Nutrition as a Key Piece in Stress

Tempo de Leitura: 2 minutos

The International Association for Stress Control says 72% of Brazilian workers are stressed. Among these, people with obesity, depression and anxiety were metabolically more stressed.

Any intrinsic or extrinsic stimulus that evokes a biological response is known as stress. Compensatory responses to these stresses are known as “stress responses.” Based on the type, time and severity of the stimulus applied, stress can exert various actions on the body. Thus, it is up to the nutritionist to minimize the impacts of stress on the body through nutritional strategies.

Cortisol and Stress

Glucocorticoid hormone, secreted in stressful situations, promotes increased “alert” status, regulation of blood glucose and blood pressure. In addition, it improves mood, and may present anti-inflammatory activity, memory control and regular performance of the cardiovascular system. However, excess cortisol can cause compulsion for sweets, insulin resistance, amenorrhea, central obesity.

Thus, the stressed patient usually presents as symptoms complaints such as fatigue, lethargy, feeling tired, hypoglycemia, desire for hyper palatable foods, allergies and/or food sensitivities.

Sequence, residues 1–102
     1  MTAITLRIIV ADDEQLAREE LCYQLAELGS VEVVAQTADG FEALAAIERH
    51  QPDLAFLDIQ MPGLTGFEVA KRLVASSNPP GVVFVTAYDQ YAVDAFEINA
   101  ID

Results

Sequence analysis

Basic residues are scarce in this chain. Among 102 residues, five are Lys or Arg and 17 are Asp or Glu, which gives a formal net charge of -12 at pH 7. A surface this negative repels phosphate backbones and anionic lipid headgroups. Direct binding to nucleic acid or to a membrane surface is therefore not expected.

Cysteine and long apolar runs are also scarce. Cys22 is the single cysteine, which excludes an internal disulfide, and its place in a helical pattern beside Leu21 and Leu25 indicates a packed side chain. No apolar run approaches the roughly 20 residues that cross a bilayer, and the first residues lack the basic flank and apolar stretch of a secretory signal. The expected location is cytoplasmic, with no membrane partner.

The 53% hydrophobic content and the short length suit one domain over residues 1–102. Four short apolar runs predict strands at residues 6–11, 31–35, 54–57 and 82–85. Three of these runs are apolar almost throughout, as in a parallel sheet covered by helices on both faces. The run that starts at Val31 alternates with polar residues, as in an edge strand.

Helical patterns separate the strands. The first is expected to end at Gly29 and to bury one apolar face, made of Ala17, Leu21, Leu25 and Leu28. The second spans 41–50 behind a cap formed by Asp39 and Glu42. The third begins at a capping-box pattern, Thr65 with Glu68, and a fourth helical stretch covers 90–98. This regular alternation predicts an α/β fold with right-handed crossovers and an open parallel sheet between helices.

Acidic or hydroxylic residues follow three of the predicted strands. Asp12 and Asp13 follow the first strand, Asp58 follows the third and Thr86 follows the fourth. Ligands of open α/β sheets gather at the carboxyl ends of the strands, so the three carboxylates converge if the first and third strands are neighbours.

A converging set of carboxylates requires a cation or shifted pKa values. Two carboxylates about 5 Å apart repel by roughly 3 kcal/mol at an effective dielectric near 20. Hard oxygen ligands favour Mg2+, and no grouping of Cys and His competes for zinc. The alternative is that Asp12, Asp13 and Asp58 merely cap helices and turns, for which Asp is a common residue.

Currently, there is a biochemical test to measure plasma cortisol levels as well as to assist in the identification of this stressful picture. For this, we have the following interpretations:

< 3 mcg/dL: Suggestive of adrenal insufficiency,

< 10 mcg/dL: Probable adrenal insufficiency.

< 18 mcg/dL: In cases of disease, stress or high ACTH, highly suggestive of adrenal insufficiency.

Clinical practice

One of the strategies that the nutritionist can use for the remission of cortisol levels is to ensure adequate intake of foods source of selenium, vitamin E and C. People with these nutritional deficiencies do not have adequate capacity for immune defense, and may present pain as well as increased intensity of this, which, in turn, indicates a dysfunctional HPA axis, possible thyroid dysregulation that culminates in the maintenance of the inflammatory picture.

Finally, it is of paramount importance to the adoption of an anti-inflammatory diet, associated with zinc supplementation, B-complex vitamins (mainly B1, B3, B6), magnesium, vitamin D, licorice, taurine and omega 3 in order to contain inflammation. Another suggestion is the use of herbal medicines such as Relora and Ayurvedic strategies.

Bibliographic references

Reading Suggestion:
Is stress really associated with body fat gain?

Watch the video of the Endurance Supplementation series with nutritionist Fellipe Savioli on the Science Play platform –
Endurance Supplementation: Scientific Evidence

Yaribeygi H, Panahi Y, Sahraei H, Johnston TP, Sahebkar A. The impact of stress on body function: A review.

EXCLI J. 2017 Jul 21;16:1057-1072. doi: 10.17179/excli2017-480. PMID: 28900385; PMCID: PMC5579396.

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